Ravid reports that Trump was caught off guard at the unveiling of the peace plan in January 2020, when Netanyahu, at the White House, said he would use the plan as a pretext to annex parts of the West Bank. “What the hell was that?” Trump asked his advisers afterward.
Trump told Ravid he would not let Netanyahu go ahead with annexation. “I got angry and I stopped it because that was really going too far,” Trump said. “That was going way too far.”
Ravid reports that Trump’s ambassador to Israel, David Friedman, who has long-established ties to the settler movement, was the most eager advocate for annexation within the administration, although he too eventually warned Netanyahu to back down.
Friedman this week on Twitter, ostensibly criticizing Ravid but also differing substantially with Trump’s on-the-record claim that annexation was not on the table, said it was envisioned as part of the plan.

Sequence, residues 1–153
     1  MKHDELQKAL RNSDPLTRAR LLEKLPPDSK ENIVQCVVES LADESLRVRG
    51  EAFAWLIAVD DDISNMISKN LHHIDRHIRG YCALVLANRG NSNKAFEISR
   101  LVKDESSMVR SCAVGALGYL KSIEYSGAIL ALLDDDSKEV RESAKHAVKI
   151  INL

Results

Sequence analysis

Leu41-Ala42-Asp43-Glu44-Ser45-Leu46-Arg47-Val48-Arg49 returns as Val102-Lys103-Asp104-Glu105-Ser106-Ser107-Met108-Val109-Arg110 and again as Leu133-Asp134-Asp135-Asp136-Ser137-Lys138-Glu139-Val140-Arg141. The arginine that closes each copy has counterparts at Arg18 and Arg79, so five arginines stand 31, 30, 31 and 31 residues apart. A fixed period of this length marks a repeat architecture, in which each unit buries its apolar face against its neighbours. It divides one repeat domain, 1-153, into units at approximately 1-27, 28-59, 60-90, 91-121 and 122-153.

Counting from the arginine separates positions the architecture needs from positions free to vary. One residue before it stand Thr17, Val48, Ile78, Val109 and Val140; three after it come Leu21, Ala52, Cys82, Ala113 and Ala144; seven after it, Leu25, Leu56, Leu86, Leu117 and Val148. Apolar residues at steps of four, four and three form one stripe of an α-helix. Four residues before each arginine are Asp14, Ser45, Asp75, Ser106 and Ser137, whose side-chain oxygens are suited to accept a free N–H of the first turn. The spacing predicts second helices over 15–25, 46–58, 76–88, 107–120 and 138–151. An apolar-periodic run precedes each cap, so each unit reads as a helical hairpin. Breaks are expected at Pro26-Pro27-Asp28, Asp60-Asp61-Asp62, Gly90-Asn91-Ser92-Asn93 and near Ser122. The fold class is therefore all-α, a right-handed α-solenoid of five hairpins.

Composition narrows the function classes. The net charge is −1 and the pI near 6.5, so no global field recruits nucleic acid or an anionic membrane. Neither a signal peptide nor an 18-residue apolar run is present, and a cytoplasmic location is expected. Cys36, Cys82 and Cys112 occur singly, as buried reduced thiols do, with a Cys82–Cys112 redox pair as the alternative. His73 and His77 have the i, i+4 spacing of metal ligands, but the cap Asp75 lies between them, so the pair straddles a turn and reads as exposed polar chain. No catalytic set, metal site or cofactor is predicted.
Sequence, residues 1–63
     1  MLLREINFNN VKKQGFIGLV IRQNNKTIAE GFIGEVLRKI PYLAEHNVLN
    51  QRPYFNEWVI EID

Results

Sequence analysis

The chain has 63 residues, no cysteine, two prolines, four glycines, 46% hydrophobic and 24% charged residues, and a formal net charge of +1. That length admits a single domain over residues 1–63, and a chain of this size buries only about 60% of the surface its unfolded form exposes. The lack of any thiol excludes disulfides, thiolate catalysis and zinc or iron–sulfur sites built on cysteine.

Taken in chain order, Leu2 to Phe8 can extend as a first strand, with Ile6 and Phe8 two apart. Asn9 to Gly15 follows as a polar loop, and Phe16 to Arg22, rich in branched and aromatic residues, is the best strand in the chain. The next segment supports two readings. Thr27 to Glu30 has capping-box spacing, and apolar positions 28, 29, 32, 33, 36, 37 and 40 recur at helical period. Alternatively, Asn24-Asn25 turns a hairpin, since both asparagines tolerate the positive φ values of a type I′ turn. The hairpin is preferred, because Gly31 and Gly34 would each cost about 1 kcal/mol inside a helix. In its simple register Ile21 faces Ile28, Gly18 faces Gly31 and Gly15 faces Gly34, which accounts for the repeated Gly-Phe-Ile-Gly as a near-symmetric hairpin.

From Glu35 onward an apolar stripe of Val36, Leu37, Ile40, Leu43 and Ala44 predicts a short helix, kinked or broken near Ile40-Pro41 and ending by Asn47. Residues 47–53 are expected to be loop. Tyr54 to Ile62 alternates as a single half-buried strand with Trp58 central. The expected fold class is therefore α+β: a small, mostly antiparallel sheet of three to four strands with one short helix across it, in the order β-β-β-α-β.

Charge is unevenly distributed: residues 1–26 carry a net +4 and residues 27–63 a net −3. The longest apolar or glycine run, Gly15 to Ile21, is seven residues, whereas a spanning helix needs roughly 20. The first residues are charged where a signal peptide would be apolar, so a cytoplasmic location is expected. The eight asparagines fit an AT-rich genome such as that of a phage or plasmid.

“Not only was the President informed and aware of the sovereignty process, he outlined it in this speech,” Friedman wrote. “There were numerous follow-up discussions as well, all of which included me.”
Friedman, who complained on Twitter that he was “never consulted” by Ravid, did not return the Jewish Telegraphic Agency’s request for comment.
Responding to Friedman’s complaints, Ravid noted that Friedman has a book about the negotiations scheduled to appear in February — a release that is now likely to be overshadowed by the revelations in Ravid’s book.
“I respect David Friedman and I look forward to reading ‘Sledgehammer,’” Ravid told the Jewish Telegraphic Agency.